A proposal by Rep. Art Swann to allow the state commissioner of education to waive enforcement of laws applying to public school systems has been attacked on a bipartisan basis by colleagues who say it probably violates the state constitution.
The bill (HB1970, as amended) is entitled “The Public School Achievement Flexibility Act”. It would empower the commissioner to grant high-achieving school systems a “waiver of any state board (of education) rule or statute that inhibits or hinders the desired flexibility for the school.”
The Maryville Republican said that state law already allows charter schools and achievement school districts, which are under state supervision because of low performance, to ignore regular rules and laws
“If it’s good for charters, why shouldn’t it be good for public schools?,” he said, describing the legislation as “leveling the playing field.”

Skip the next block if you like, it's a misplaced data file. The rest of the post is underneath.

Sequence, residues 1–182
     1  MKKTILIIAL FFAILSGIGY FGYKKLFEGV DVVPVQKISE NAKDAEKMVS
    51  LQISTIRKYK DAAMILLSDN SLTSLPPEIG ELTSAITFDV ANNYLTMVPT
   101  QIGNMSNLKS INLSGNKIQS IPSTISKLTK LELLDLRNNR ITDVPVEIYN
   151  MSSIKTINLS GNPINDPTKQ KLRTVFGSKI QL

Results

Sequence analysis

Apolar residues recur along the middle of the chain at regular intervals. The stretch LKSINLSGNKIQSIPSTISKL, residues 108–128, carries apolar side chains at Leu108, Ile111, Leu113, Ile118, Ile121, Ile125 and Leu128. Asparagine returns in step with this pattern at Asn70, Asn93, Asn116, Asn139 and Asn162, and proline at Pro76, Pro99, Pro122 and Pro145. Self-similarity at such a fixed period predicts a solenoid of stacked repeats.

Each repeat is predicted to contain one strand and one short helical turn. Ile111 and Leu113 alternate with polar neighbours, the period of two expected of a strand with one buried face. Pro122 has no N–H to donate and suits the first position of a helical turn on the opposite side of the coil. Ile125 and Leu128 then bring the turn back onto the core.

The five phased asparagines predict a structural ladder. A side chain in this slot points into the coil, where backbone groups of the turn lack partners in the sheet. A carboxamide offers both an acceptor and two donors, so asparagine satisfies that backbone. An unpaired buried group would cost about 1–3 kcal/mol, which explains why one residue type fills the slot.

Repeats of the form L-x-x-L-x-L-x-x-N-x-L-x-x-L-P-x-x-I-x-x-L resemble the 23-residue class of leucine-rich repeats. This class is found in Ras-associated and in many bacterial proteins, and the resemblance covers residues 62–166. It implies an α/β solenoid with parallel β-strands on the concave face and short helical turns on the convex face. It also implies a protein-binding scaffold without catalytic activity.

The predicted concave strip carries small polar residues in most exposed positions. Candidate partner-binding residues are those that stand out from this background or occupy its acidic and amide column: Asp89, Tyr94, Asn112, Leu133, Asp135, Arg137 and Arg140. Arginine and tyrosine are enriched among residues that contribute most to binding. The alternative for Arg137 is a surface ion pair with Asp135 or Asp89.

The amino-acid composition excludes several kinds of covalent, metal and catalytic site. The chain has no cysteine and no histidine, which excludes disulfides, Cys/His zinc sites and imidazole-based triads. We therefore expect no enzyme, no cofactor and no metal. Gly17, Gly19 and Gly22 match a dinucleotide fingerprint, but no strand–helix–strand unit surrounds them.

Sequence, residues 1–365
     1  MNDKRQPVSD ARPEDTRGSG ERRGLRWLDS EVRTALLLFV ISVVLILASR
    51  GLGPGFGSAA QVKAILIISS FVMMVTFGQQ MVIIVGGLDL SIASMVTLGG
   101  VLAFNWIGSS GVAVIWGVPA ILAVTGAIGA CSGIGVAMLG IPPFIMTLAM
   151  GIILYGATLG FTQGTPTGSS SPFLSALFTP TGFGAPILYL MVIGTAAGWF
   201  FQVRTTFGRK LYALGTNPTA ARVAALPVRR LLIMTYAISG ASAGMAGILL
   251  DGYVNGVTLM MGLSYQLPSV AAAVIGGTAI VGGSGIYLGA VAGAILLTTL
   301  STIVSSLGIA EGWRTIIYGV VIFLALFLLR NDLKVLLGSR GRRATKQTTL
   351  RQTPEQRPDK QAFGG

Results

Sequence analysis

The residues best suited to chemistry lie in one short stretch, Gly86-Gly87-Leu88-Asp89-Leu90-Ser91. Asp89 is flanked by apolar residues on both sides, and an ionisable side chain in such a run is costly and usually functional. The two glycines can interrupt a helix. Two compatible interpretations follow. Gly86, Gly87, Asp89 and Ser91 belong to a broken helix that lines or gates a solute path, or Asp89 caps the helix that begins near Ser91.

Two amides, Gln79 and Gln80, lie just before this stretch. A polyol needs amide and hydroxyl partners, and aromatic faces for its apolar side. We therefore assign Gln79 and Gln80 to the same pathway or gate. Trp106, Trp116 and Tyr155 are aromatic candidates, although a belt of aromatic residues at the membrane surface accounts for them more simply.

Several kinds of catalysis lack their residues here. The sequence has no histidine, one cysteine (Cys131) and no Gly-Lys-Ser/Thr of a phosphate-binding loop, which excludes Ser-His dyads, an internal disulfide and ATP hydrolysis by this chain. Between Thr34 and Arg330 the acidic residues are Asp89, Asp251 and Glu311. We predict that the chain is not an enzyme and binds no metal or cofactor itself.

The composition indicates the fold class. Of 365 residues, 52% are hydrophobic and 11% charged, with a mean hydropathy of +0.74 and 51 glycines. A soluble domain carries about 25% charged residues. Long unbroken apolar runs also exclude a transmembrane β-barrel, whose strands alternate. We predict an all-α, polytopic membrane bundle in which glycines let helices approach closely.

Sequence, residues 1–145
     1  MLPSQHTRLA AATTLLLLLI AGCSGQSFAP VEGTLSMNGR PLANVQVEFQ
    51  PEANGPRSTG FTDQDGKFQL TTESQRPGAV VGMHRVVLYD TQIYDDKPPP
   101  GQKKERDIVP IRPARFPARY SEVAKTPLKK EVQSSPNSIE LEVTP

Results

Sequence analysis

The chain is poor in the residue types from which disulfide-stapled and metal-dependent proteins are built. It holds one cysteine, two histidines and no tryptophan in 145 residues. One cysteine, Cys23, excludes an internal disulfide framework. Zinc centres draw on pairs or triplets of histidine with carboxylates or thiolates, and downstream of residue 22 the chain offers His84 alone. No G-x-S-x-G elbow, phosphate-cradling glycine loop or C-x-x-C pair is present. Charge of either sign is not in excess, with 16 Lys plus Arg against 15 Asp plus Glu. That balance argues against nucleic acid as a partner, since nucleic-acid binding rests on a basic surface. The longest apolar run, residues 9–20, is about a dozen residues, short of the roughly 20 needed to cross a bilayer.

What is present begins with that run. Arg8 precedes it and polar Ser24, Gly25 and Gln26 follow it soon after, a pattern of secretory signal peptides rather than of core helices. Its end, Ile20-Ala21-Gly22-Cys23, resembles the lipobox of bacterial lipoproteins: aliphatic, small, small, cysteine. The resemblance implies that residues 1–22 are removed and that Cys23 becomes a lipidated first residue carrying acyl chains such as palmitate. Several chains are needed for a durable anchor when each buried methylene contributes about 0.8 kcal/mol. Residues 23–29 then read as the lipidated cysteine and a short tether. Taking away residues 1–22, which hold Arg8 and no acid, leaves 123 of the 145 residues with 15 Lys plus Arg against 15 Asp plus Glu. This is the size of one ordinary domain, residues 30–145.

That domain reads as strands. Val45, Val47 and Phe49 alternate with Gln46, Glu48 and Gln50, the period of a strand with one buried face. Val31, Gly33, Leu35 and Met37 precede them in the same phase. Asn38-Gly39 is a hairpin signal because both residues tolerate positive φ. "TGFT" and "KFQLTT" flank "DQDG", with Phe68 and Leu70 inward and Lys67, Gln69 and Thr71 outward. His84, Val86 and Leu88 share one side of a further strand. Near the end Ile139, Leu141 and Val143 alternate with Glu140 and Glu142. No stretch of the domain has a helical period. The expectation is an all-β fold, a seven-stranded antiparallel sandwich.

But the measure was sharply criticized, first by Democrats, then by Republican Rep. Glen Casada of College Grove.
Rep. Mike Stewart, D-Nashville, said the bill would allow “one unelected individual to dispense with any law we have.” House Democratic Caucus Chairman Mike Turner said that the Legislature, not a commissioner, is the only body empowered by the state constitution to overturn a state law that has been duly enacted.
Casada, after declaring it an unusual situation for him to agree with the Democrats, said he likes the idea of flexibility for schools but the notion that “an unelected commissioner, answering only to the governor, can overturn laws that we pass… scares me.”
Swann wound up postponing a House floor vote for a week. Later Turner told reporters that he now wonders whether it is constitutional to waive laws for charter schools and achievement school districts and may seek the attorney general’s input on that question.